Our last day in Maine was definitely one of our favorites. After breakfast, we headed to the outlet stores in Freeport. Our main purpose of visiting was for the giant boot at L. L. Bean. We don’t particularly like shopping at L.L. Bean, (while we were at the store we walked in and walked right back out) but things that are bigger than they are normally just make me giggle. So of course we needed to get a picture of it.
The outlets didn’t impress us too much, but we stopped into
a few stores. My favorite was stepping into the “Maine Made” store where
everything in it was, well, made in Maine. Of course, I loved just about
everything in it, but unfortunately, specialty shops are always the most
The 2 guys on the boat taught us so much about lobsters. They explained to us that each of the traps is attached to a buoy of their specific color and license number. They showed us how to measure each lobster for the legal size and they even taught us some anatomy of the lobsters. Did you know that if a female lobster is caught and their underbelly is lined with eggs that the lobsterman has to carve a notch in her second tail fin and throw her back? This is because not all female lobsters are breeders and this helps to keep the population from decreasing. Another super interesting thing we learned is that lobsters have 2 different claws: the crusher and the pincher that they use for fighting. When lobsters fight, they spray each other with their own scent so that the next time they encounter each other the loser will know not to mess with the winner. Because of this trip alone, Jason has officially deemed the lobster as his favorite animal.
Our last destination was the Portland Head Lighthouse. It was the perfect place to reflect on our entire vacation throughout the state of Maine. Portland Head is another gorgeous example of a Maine lighthouse standing solo on ocean cliffs. We stood there a long time admiring the views of Portland Harbor and not wanting to go home.
|It's Manny the Lobstah!|
|Get it? Santa Claws|
|Enjoying some exceptional ice cream|
|"No more pictures Jay!"|
We couldn't go to the coast without going to the beach, so we found a more secluded destination near Portland called Crescent Beach. As we expected, the water was absolutely freezing and there weren’t any shells for Jason to collect, but there were actually awesome stones all over the shore. While we couldn't enjoy the water, we enjoyed the sand and rocks by creating a sand castle with a rock wall. I think the unofficial rule of amateur sandcastle building is your castle is only as cool as how many kids stop by to look at it. And by that standard our sandcastle was pretty darn cool—even if the water wouldn't stay in our moat.
For dinner, we were finally ready for some fancy seafood. We went to Portland Lobster Co., which is probably the best-known place in Maine for a lobster dinner. This place was packed and had an odd way of running their restaurant. We put our name in for a table, ordered and paid for our food, waited to be seated for at least 30 minutes, and waited another 45 minutes for our food to come. It kind of became a game to see whose lobster-shaped buzzer would light up and ring first. Anytime someone's order was called, everyone would cheer and applaude for the food finally being ready. It’s always a bummer when your food doesn’t last as long as you waited for it, but it was definitely a fun experience and my salmon was delicious.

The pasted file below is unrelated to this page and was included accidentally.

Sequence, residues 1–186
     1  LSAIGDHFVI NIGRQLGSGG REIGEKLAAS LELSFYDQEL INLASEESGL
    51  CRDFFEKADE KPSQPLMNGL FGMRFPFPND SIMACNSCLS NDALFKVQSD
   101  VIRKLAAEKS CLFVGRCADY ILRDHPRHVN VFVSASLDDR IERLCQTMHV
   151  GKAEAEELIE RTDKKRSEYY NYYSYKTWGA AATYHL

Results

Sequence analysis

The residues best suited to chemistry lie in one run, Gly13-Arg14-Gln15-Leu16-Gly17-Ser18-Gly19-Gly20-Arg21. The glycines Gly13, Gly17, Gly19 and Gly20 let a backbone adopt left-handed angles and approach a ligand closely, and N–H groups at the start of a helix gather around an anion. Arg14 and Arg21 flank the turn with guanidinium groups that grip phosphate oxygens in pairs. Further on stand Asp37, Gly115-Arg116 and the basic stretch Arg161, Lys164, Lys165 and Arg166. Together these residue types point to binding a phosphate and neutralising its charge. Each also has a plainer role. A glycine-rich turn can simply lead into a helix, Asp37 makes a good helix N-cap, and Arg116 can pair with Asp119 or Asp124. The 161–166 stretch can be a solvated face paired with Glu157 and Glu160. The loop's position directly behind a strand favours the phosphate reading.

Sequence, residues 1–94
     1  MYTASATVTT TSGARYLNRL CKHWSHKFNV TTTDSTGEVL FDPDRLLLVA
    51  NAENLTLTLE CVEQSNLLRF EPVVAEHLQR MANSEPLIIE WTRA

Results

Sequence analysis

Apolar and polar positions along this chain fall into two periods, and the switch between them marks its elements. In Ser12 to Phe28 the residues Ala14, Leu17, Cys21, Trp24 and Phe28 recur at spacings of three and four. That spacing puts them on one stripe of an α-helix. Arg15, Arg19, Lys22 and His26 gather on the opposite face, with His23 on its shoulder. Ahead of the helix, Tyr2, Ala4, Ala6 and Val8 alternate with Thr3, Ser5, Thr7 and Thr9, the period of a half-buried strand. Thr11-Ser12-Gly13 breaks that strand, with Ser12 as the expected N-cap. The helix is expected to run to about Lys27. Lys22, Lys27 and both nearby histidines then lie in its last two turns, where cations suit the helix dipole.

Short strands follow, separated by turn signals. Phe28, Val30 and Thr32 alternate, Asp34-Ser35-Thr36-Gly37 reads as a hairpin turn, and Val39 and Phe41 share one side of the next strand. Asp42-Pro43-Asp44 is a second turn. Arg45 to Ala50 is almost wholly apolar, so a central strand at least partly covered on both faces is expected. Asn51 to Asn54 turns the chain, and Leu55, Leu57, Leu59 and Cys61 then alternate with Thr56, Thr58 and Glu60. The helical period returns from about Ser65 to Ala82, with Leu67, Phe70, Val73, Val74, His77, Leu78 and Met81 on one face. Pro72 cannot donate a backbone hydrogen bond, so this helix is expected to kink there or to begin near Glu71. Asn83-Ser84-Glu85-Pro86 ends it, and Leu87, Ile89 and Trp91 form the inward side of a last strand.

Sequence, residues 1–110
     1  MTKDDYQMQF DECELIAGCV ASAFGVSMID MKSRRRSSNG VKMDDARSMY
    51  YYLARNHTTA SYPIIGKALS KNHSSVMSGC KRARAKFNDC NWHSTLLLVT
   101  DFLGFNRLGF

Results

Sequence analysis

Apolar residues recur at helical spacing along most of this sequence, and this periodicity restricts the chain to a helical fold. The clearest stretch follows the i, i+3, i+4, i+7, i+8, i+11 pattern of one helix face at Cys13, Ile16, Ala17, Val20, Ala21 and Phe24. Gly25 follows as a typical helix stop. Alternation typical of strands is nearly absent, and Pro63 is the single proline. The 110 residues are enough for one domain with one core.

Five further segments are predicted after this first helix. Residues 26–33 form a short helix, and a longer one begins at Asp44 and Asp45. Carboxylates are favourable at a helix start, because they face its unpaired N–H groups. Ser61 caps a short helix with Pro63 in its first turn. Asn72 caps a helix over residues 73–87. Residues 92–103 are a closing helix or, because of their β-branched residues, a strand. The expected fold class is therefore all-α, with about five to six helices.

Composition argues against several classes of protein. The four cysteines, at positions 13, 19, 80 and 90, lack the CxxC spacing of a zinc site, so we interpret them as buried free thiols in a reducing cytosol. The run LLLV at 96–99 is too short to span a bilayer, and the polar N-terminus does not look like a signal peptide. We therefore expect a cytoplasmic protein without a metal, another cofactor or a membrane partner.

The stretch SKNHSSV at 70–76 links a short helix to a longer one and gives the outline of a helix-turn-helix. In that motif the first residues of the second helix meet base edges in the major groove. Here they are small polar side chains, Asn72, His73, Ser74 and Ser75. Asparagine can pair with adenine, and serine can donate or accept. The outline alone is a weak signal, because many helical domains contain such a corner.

|Only in Maine would a restaurant have a lobster-shaped buzzer|
|Jason's always excited to eat lobster|
|It's PCL time!|
|Waiting for our dinner|
|Told you it was a shoe for a giant|
|Someone needs to tie that shoe|
We spent a good deal of time in the back corner of this store where there was a tank with three live lobsters. We watched as another customer put her hand in the tank and grab a lobster to take a picture. Jason and I looked at each other and knew we had to follow. Jason went first and he’s more skittish than you’d think. Every time the lobster would try to crawl away, Jason would flinch and drop it. I had to step up and go first and even though it was a little crazy and weird picking up a moving lobster with many legs tickling my hand, I had no trouble and it was actually really cool. After a second try, Jason finally picked up the lobster and didn’t drop it!
We left Freeport and headed back to Portland where we went to our long awaited Lucky Catch lobster tour. Jason and I both agree that this is one thing you HAVE to do when visiting Maine. I was kind of nervous at first because of my fear of the ocean, but on the boat we were doing so much that I had completely forgotten where we were. Once we were far enough into the bay, we were suited up with rubber aprons and gloves. We all took turns doing each of the lobstering jobs—we, meaning me and Jason and all of the kids on the boat. We learned how to bait new traps, get rid of old bait, rubber band the pinchers of lobsters, and push the traps back in.
|I was so nervous!|
|Let's do this!|
|Rubber banding the claws|
|Rubbing a crab on its belly makes it go to sleep|
|Inside a lobster trap|
|Jason changing the bait on a lobster trap|
|Pushing the trap back into the ocean|
|Portland Head Lighthouse|
|Portland Head Lighthouse|
|Jason loves Longfellow and thought this was cool|
|Let's never go home|